Some of the best #MuckReads we read this week. Want to receive these by email? Sign up to get this briefing delivered to your inbox every weekend.
Farm to Fable, Tampa Bay Times
There are certain things people expect when they are told that their food is "local." That it'll be fresher or taste better or prove safer because it didn't have to be pumped up with preservatives. But, according to this investigation, "[I]f you eat food, you are being lied to every day." The investigation asserts that, in Tampa Bay and other place where there is little government regulation concerning the commercial use of the word "local," consumers are being duped.
Question of Risk: Medtronic's Lost Study, Minnesota Star-Tribune
Outstanding reporting and writing in today's Star Trib: Medtronic's lost Infuse study, a question of risk https://t.co/98eycIMDBu— jburcum (@jburcum) April 10, 2016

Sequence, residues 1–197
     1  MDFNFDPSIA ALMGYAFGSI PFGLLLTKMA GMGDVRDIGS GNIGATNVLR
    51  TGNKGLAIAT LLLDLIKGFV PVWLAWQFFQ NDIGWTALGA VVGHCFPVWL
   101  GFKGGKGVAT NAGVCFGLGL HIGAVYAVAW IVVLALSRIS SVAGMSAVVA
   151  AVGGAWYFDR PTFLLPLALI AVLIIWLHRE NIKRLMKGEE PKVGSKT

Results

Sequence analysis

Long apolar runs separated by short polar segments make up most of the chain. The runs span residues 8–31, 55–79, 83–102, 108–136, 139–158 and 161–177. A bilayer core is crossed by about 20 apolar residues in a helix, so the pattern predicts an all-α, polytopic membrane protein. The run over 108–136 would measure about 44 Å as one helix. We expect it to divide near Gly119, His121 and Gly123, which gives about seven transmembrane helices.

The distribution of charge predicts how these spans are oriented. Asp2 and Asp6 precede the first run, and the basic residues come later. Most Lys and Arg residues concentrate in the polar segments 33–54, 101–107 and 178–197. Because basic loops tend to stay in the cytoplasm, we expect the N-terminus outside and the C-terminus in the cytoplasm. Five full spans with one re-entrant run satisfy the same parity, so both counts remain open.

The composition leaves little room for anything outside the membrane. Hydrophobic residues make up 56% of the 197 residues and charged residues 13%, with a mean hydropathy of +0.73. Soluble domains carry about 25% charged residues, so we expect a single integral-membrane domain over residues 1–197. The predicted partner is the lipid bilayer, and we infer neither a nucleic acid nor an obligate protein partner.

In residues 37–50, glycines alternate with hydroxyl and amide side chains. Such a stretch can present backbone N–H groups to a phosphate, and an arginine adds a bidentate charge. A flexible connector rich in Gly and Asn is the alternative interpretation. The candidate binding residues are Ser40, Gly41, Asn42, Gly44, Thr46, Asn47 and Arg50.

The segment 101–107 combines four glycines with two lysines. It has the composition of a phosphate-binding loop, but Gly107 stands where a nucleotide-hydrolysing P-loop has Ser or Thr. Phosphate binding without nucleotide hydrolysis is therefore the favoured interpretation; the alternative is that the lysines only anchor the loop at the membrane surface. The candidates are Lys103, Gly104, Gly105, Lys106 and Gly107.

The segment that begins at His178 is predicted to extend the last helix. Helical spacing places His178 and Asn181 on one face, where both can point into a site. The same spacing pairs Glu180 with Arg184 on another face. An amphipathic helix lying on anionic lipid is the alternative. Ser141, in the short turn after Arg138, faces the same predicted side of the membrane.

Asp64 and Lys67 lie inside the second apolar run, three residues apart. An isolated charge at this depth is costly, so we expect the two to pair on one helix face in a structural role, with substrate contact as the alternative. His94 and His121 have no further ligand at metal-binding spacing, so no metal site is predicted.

Medtronic, one of the largest medical technology companies in the world, wanted to know how effective its "pioneering" bone-fusion product – Infuse – was, so they asked doctors who used the product to report any "adverse event" following surgery. Thousands of reports flooded in, including four reports of patients dying. But Medtronic's study ended in 2008, without reporting any findings to the authorities. According to this investigation, "[t]o this day, neither the company nor the FDA has publicly disclosed full details of the study."
The God Loophole allows religious day cares to go largely unregulated by the government. But kids are getting hurt: https://t.co/0PLDQwjJ6U— Meghann Farnsworth (@mtfarnsworth) April 12, 2016
Unlike the many day care facilities that are regulated by state and federal government, religious day care operations in several states have little to no oversight – with sometimes fatal consequences. This Reveal investigation found that religious day care facilities often lose track of children, have no requirements about supervision, and sometimes do not mandate that staff members know how to perform CPR.
The Strangers Next Door, The Texas Observer
“What an amazing community”: Amarillo is an epicenter of refugee resettlement—and mostly a welcoming one. https://t.co/Z8Q3GdRVTg— Forrest Wilder (@Forrest4Trees) April 11, 2016